Late one night, she began to read it and what she read struck her profoundly. She told her children many times after that evening with the Book of Mormon open on her lap as she rested her eyes from reading that she heard a voice plainly say that what she was reading was true.
In the spring of 1951, missionaries stopped to talk to a man as he worked in his garden on a hilly property in an out-of-the-way place near Timmins, Ontario. That man worked the graveyard shift at a nearby gold mine and cherished the daylight hours when he could garden. He put the young men off, telling them to come back next week – or some other time when he wasn’t so busy trying to get his seeds in the ground. They did come back the next week and caught him resting in a lawn chair. They gave him a Book or Mormon and promised to return to talk with him more about it. He didn’t have time to read the book, but his wife did.
Late one night, she began to read the Book or Mormon and what she read struck her profoundly. She told her children many times after that evening with the Book of Mormon open on her lap as she rested her eyes from reading that she heard a voice plainly say that what she was reading was true. From that moment, she never wavered in her faith that the Book of Mormon was the word of God. As she continued to read, she persuaded her husband that he needed to read it too. The Mormon missionaries came often after that; they taught the principles of the Gospel of Jesus Christ; and when the ice melted off the lake, the family was ready for baptism. Truly important seeds were sown that spring.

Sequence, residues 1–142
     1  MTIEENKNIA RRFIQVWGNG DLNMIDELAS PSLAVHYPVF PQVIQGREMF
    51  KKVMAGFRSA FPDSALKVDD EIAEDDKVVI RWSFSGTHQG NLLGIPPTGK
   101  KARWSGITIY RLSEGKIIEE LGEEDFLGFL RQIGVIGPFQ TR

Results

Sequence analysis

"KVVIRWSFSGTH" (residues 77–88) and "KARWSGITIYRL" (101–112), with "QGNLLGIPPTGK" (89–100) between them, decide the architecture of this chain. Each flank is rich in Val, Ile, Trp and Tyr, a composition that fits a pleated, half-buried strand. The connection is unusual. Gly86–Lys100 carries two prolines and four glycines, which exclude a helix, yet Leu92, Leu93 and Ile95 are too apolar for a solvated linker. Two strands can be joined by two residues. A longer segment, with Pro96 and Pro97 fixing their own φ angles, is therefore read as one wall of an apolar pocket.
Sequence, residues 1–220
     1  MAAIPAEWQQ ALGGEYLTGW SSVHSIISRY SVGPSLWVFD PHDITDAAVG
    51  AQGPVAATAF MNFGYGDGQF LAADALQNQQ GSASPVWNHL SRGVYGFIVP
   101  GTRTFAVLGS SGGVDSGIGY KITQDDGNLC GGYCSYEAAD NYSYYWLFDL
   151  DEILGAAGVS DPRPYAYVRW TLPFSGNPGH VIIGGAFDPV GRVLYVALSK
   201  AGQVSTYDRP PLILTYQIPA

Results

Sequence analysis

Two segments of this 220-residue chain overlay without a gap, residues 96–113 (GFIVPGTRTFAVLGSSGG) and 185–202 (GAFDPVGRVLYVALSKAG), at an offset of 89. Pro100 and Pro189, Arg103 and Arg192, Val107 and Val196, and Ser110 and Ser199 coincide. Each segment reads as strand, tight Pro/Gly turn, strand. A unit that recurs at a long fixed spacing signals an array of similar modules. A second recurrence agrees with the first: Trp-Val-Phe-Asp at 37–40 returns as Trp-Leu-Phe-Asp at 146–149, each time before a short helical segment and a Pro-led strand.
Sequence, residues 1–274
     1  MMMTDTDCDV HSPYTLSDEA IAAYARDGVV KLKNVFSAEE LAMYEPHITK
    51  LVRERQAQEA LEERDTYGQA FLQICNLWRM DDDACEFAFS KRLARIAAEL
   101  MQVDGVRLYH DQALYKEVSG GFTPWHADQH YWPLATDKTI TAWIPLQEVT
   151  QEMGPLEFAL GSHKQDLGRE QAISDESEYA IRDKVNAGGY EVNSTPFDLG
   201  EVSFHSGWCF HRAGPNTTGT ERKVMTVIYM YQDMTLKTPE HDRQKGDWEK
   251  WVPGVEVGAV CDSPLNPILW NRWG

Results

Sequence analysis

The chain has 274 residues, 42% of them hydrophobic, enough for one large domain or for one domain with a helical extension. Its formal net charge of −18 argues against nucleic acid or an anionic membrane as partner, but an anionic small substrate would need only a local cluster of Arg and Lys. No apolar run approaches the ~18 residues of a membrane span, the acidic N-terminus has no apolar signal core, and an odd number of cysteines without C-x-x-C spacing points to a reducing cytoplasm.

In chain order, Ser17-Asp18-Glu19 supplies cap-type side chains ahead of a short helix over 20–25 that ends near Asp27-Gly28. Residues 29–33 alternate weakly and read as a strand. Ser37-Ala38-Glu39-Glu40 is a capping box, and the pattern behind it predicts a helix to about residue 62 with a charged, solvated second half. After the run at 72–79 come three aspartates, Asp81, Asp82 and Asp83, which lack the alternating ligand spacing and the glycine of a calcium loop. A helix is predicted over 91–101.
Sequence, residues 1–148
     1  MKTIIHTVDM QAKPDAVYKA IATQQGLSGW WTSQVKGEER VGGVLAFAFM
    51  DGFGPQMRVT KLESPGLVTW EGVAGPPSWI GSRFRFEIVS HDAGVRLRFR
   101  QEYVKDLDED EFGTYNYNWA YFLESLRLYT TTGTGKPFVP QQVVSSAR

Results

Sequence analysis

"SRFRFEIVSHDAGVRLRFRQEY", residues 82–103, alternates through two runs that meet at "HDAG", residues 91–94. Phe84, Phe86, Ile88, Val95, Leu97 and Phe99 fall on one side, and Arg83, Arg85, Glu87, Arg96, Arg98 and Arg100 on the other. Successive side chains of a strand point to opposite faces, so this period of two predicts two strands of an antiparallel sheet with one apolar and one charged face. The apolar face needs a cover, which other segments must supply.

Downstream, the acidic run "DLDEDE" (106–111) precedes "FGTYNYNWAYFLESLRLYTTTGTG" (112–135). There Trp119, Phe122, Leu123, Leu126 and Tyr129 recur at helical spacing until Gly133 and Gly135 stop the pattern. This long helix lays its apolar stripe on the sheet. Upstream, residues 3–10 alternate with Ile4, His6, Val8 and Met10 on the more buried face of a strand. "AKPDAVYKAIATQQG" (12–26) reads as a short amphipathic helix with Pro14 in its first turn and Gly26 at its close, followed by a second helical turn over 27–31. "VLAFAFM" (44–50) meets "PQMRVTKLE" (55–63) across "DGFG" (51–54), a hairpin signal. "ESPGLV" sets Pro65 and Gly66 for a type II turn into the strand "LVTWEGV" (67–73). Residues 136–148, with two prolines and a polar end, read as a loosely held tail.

One of the missionaries who so faithfully visited that family throughout their first six months in the Gospel was Elder Ken Garner from Raymond, Alberta. This spring in 2012, a young Elder Garner introduced himself during a visit to the Brookswood Ward in Langley, B.C.
A member later approached him and asked, “Do you know an Elder Garner who was a missionary in Timmins, Ontario?”
“That would be my grandfather,” Elder Garner replied.
“Well, you need to come to dinner and I’ll tell you about your grandfather,” Brother Dave Whidden responded, “He taught my parents the Gospel. He brought four generations of Whiddens into the Church.”
Elder Garner had to wipe tears from his eyes. “My grandpa died two years ago - he was my best friend. He always talked about his mission and gave me his mission diary, so I can tell you some things about your family and that summer in northern Ontario.”
Elder Blake Garner, now serving in Smithers, BC, wrote home asking his parents to send a copy of his grandfather’s journal. It came complete with many photos and was a great delight for the Whidden children to read the recorded events leading to the conversion of their parents.
It was hard work being a missionary back then and especially in rural Ontario. There were long unpopulated miles between northern towns, members and investigators. The climate was difficult with its freezing temperatures or hoards of black flies. The missionaries travelled without cars or even bikes, instead walking the ten-mile trek between South Porcupine where they lived and Timmins where members of the small branch met. Even though the Whidden family lived half way between those towns, the elders came faithfully to teach them the gospel.
The Whiddens honour those missionaries for their conviction and sacrifice of more than sixty years ago.
The legacy of missionary work is truly eternal.